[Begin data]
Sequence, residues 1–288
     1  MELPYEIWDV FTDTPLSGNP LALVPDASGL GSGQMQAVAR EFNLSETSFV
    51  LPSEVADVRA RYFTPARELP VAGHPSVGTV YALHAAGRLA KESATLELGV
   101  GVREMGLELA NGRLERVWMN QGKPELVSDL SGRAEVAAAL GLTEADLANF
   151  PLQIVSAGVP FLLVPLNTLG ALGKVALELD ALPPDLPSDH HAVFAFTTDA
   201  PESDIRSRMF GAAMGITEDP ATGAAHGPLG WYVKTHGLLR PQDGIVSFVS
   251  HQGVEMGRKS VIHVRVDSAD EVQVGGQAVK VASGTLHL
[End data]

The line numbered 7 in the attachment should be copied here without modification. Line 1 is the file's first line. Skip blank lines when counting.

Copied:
   251  HQGVEMGRKS VIHVRVDSAD EVQVGGQAVK VASGTLHL